You read that right. That show we all obsessed about two years ago is coming back to Netflix. I’m not sure anyone was really pining for it to come back, but it is. I’m talking about The OA.
Remember “The OA?”
If you don’t remember, here’s a quick reminder. A young woman, missing for seven years, returns and seems to exhibit some really weird tendencies. We learn that she was held captive by a total weirdo who caused her and her fellow prisoners to die over and over again to try to understand… something.
The show got weirder and weirder and in the end we were all left with a disturbing dichotomy. We were either asked to believe that “The OA,” the titular character, truly could transcend death and travel to other dimensions… or that she is just crazy and that she made everything up in order to get attention. The show ends with a cliffhanger that made most people simply wish they hadn’t started watching.
I posted my questions about it here, and in the end I decided it was just a poorly produced show and didn’t give it another thought. Turns out, someone else was doing some thinking of their own.
The season 2 trailer dropped a few weeks ago and I finally got to watching it.
So, it seems that OA wasn’t just nutso, she actually did travel into another dimension. Who knows, maybe she’s in the dimension where Mr. Robot takes place. Whatever it is, she’s not where she was, since apparently no one has heard of Barack Obama. Presumably there are other changes too but the trailer doesn’t reveal them.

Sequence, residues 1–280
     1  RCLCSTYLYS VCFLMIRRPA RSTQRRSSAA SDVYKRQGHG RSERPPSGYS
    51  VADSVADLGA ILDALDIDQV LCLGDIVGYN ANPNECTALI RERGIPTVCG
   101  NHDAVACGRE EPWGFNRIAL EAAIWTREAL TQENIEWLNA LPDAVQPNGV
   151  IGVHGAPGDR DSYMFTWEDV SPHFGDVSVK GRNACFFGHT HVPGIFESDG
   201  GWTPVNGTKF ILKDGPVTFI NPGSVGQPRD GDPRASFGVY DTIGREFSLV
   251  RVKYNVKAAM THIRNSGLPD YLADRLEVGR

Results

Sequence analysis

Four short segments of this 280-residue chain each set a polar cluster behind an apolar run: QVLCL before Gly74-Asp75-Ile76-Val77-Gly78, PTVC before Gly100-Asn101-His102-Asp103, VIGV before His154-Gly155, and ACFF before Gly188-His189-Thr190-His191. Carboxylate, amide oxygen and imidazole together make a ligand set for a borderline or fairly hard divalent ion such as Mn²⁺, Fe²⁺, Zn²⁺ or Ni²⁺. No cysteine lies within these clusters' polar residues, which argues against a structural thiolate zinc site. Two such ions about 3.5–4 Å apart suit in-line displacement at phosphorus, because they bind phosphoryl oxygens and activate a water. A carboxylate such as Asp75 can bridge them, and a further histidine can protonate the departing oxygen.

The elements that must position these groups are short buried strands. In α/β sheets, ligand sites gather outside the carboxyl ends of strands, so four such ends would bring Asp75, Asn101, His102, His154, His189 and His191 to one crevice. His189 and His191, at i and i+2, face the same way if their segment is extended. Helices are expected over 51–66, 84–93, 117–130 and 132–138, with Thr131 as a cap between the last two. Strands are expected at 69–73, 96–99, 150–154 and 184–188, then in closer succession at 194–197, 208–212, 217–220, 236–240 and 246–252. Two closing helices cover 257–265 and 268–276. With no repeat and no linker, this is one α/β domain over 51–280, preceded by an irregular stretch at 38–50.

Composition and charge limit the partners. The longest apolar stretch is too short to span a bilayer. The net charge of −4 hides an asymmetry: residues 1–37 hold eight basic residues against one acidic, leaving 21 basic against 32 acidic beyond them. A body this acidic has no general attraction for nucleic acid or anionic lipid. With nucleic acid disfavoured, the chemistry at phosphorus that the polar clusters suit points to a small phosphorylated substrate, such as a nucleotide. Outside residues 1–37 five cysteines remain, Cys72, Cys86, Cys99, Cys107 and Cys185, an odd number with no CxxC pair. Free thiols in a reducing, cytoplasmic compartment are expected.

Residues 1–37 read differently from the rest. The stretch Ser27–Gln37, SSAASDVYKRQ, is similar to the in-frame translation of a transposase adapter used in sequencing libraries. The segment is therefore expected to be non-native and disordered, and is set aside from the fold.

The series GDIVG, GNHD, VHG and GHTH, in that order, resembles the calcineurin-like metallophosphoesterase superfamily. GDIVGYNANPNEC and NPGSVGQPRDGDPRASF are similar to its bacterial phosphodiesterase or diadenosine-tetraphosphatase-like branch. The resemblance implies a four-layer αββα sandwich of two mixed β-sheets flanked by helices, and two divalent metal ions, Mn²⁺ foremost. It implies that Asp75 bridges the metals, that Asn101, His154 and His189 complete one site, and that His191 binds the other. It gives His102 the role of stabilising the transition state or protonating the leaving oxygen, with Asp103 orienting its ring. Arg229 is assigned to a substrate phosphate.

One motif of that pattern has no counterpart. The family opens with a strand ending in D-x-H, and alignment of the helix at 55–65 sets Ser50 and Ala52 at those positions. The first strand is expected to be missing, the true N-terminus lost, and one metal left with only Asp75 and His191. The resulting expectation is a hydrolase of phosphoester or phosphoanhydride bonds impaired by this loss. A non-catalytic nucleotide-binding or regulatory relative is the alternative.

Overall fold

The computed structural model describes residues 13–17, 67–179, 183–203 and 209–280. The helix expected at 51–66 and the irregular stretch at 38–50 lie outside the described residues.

It’s still the same question, but bigger
So, the question that most of us had after season 1 was, “was it just a con job?” and I think that still applies. The trailer could be deliberately teasing or misleading us, or it could be something bigger and more insidious.
I think it is.
I think Brit Marling, who created the show with a partner and plays the titular OA, is literally playing a trick on the world. She gained some initial fame by writing The East and Another Earth, both films that center around seemingly unbelievable things that we’re asked to believe. Neither film had a truly satisfactory conclusion, just like The OA. I think that Ms. Marling is simply seeing how long she can get the entertainment industry, and by extension the public to confuse ambiguity with mystery.
Let me put it another way. I think that she has a talent for creating thoughtful pieces of entertainment that ask more questions than they answer. By itself that’s not a bad thing. I think that’s a great talent, but sooner or later people want answers from their popular entertainment. Ask the producers of Lost, who famously created a complete mythology that utterly totally collapsed when it became obvious that the writers didn’t know where to go. Ask anyone who has read Stephen King’s epic The Dark Tower which ends so frustratingly that it almost seems as if King intentionally played a 30-year-long con on the reader.
If Ms. Marling is doing little more than conning the audience, she shouldn’t worry. If she’s following in the footsteps of J. J. Abrams or Stephen King, she has little to fear. And, she would most likely point out that I am a humble blogger and more than a little jealous of someone much younger and much more successful. To which I say, guilty as charged.
But, Ms. Marling, I hope you’ll forgive me if I show no further interest in The OA or your other projects. You’ll likely get paid either way, and I’ll simply have one less concern in life.